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Physics Finds Ways to Fight COVID-19

Staffers switch on 3D printers, and free up CPU capacity

stock photo 1

With longtime staffers leading the way, the Department of Physics and Astronomy at Rutgers University-New Brunswick has been contributing to the battle against COVID-19, producing materials for personal protective equipment (PPE) and providing valuable computing capacity to researchers seeking a cure for the virus.

“I am proud of the way our staff has developed creative, collaborative ideas to support those on the front lines fighting and researching this global health threat,” says department Chair Robert Bartynski.

 physics photos 2One of the first to get involved, John Doroshenko, a systems administrator in the department, said he became motivated after reading a news article about the university’s use of 3D printing technology to produce face masks for frontline hospital workers, which were in desperately short supply at the onset of the pandemic.

Doroshenko, a devoted practitioner of 3D printing—a process that uses a digital file to make solid, three-dimensional objects—reached out to Rutgers Environmental Health and Safety (REHS) and soon enlisted in the effort, recruiting his colleague, William Schneider, the supervisor of the department’s machine shop.

The two staffers, who have each been with Rutgers physics for more than 30 years, began running their printers, producing the framework that connects to the clear plastic face shields. Also helping with the effort was Paul Pickard, an instrument maker who used a printer borrowed from faculty member Jak Chakhalian.

“I’d just start my printer up in the morning and let it run all day,” says Schneider, who said he printed components for roughly 150 face shields. “It’s just very gratifying to know that at this time, when we are all at home, we can do something to help people working on the front lines of this crisis.”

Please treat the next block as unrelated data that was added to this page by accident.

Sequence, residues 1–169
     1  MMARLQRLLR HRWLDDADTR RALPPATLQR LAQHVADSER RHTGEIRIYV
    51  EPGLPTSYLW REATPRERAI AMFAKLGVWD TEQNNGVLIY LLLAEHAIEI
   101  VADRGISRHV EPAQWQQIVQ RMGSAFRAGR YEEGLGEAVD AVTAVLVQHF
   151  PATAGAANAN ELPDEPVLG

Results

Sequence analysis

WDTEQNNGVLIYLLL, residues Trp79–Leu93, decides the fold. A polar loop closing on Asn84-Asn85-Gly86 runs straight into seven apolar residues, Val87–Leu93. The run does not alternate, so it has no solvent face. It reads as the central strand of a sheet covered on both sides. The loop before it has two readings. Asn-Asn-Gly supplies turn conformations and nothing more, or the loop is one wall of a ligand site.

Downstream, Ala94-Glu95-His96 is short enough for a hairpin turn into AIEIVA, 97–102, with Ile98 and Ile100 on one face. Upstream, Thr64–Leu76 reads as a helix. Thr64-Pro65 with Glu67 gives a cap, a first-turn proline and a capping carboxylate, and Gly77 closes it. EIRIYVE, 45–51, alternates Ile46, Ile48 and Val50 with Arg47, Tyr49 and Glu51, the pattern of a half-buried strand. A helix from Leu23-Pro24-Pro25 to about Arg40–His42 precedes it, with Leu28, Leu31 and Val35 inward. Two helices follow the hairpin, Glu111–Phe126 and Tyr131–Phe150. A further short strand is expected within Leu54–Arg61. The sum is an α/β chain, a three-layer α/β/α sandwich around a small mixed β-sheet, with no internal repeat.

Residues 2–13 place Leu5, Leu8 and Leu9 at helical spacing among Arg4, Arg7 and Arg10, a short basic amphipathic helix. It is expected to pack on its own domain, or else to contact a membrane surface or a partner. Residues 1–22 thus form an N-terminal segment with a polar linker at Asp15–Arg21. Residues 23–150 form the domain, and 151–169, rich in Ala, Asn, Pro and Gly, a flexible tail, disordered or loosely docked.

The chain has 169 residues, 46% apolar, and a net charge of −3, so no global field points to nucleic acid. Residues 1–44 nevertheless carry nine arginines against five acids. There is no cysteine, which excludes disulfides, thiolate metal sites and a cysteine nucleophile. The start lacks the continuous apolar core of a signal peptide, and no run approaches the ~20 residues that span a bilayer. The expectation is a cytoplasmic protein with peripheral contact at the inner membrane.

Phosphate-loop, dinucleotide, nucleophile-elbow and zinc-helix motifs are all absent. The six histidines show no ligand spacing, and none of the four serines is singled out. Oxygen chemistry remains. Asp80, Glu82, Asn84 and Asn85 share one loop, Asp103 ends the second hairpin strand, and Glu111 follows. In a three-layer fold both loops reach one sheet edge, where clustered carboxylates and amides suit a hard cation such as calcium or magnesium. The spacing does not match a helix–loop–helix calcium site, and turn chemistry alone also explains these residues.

Doroshenko agreed.

“I've been a 3D printing hobbyist since around 2011,” says Doroshenko who owns seven printers and used two of them in the effort. “Here was this opportunity to use my knowledge to help others.”

 physics photos 3All told, the universitywide effort to create, distribute, and decontaminate PPE for healthcare workers has resulted in the construction of 1,500 total shields. The volunteers came from many areas of Rutgers and their efforts were coordinated through REHS, the RU 3D PPE project, and the Rutgers Makerspace.

Bartynski also noted that the department’s purchasing coordinator, Jerrell Spotwood, gathered overstock of critical supplies such as face shields, goggles, gloves, and swabs, and arranged for them to be distributed to hospitals. 

Meanwhile, the department’s High Energy Physics group, which investigates the smallest particles of matter, is providing capacity from its powerful computer network to the disease-fighting Folding@home project. Based at Washington University in the St. Louis School of Medicine,  the project brings together volunteer scientists to study the movements and structure of protein molecules on their personal computers.

By running simulations of molecules, the scientists working with Folding@home hope to discover or produce a drug molecule that can bind to—and fight—the molecular machinery of diseases, including the COVID-19 virus. But the work requires significant computer power, and Folding@home has developed a system where anyone can contribute to the effort from their home computer.

“Each simulation you run is like buying a lottery ticket,” the project’s website says. “The more tickets we buy, the better our chances of hitting the jackpot.”

 physics photo 1Pieter F. Jacques, a Rutgers physicist and a veteran staff employee, said he was made aware of the effort from a graduate student, Steven Clark. By making some adjustments on the local network, Jacques is able to direct computing capacity for the benefit of Folding@home.

The arrangement is made possible through the physics department’s affiliation with the Open Science Grid, a federally-funded service that provides a wide network of high-powered computational services that enable science institutions to share resources.

“What happens is that in those times when our computers are not at capacity, we allow the excess to run COVID-19 jobs,” says Jacques, who has also been at Rutgers for more than three decades. “The capacity is going to the researchers—and everyone here is happy and feels a sense of pride to be able to help them out.”